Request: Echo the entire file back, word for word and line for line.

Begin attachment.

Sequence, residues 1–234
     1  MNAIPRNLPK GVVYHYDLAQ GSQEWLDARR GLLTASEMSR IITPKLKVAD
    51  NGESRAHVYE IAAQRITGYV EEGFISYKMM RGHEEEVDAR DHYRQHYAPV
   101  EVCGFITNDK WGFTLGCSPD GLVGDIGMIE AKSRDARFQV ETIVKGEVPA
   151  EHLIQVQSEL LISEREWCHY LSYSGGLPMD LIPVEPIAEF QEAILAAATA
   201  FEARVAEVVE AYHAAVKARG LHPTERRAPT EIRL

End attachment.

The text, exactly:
Sequence, residues 1–234
     1  MNAIPRNLPK GVVYHYDLAQ GSQEWLDARR GLLTASEMSR IITPKLKVAD
    51  NGESRAHVYE IAAQRITGYV EEGFISYKMM RGHEEEVDAR DHYRQHYAPV
   101  EVCGFITNDK WGFTLGCSPD GLVGDIGMIE AKSRDARFQV ETIVKGEVPA
   151  EHLIQVQSEL LISEREWCHY LSYSGGLPMD LIPVEPIAEF QEAILAAATA
   201  FEARVAEVVE AYHAAVKARG LHPTERRAPT EIRL